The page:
Not all extreme weather was triggered by climate change
When the first attribution studies started, their initiators were still outsiders. They had little money and no free ride for computing time on the world's most powerful supercomputers. A solution had to be found for the gigantic power consumption alone. What to do? One inspiration came from alien hunters who used a software called BOINC, developed in 1999, to join forces in the SETI@home project to help scientists search for extra-terrestrial life. Millions of people joined in and practised digital citizen science by donating computing time on their home PCs and, of course, by providing electricity. Whenever the private screensaver came on, it was SETI time. At the end of March 2020 (after 21 years), the SETI project was discontinued due to financial constraints. Especially the operation of the antennas, which were used to listen for extra-terrestrial audio messages, swallowed up a lot of money.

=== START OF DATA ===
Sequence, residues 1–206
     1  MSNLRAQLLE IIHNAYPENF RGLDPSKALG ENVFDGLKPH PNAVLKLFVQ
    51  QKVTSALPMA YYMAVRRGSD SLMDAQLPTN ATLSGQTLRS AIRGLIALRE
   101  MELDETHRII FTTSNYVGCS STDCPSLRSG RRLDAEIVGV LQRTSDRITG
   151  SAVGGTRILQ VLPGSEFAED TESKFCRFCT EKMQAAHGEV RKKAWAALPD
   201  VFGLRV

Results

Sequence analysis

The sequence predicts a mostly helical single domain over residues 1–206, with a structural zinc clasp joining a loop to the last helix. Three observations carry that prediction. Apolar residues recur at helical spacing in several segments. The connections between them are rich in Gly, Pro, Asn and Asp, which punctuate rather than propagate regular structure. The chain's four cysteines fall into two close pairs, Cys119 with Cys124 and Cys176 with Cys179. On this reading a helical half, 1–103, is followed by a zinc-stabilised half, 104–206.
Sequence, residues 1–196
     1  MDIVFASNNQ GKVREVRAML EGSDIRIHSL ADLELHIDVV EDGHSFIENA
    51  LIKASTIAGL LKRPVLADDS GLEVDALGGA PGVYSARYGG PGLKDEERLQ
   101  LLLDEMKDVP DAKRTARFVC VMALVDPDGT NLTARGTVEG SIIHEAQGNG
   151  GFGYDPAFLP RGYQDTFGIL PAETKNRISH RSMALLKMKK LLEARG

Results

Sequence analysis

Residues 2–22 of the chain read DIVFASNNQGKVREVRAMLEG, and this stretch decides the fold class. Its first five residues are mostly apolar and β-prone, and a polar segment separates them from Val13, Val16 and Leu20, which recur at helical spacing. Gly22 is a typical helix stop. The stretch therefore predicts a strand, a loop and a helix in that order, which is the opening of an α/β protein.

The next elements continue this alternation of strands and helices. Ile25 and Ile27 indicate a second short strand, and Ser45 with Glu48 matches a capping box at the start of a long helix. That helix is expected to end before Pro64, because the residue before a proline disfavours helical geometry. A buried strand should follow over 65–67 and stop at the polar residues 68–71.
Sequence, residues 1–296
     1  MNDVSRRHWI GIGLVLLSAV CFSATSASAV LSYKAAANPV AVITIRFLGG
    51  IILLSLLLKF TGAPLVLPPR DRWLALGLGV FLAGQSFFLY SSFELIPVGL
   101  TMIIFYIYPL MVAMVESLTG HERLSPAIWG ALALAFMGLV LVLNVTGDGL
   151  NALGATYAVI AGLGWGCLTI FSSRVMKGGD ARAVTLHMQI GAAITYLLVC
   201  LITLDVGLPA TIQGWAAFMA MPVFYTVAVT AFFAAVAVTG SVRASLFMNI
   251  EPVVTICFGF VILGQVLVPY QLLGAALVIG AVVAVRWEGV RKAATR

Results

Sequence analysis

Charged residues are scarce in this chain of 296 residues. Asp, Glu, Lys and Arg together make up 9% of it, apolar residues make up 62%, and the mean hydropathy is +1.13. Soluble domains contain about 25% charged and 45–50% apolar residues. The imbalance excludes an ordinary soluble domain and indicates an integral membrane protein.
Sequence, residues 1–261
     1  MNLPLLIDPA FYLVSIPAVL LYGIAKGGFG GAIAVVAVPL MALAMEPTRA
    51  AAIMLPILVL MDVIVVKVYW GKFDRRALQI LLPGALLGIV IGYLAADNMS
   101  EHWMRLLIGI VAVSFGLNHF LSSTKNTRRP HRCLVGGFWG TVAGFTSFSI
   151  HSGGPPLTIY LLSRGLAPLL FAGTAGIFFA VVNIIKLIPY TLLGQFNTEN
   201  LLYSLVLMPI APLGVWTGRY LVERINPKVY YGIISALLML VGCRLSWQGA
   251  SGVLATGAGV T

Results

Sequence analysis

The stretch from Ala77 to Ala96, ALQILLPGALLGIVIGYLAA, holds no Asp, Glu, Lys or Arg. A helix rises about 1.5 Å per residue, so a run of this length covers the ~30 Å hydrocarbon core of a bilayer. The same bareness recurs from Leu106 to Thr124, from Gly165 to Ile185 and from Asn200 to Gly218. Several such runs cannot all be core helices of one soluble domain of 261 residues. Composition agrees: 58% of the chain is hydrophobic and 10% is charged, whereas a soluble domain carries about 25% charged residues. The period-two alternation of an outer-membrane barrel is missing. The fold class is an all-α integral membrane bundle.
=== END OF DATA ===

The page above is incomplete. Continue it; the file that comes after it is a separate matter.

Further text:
The attribution scientists took a similar approach. Climateprediction.net is the name of their project and their website. Download the BOINC software and - in the next step - donate computing time and electricity to the weather climate change signal search. 700,000 people worldwide have joined in so far. "In 2015 alone, the working time of all those processors added up to 120,000 years. If we were to buy this time in the cheapest cloud, we would have to spend six billion dollars," Otto reports.
The fact that we know with certainty that today’s extreme weather conditions are the result of human-induced climate change is also thanks to the generosity of the many people who have donated electricity. The speed with which attribution research has become established can also be seen in the fact that the last and sixth assessment report of the UN Intergovernmental Panel on Climate Change (IPCC) for the first time included a chapter on extreme weather. Frederike Otto was one of the lead authors.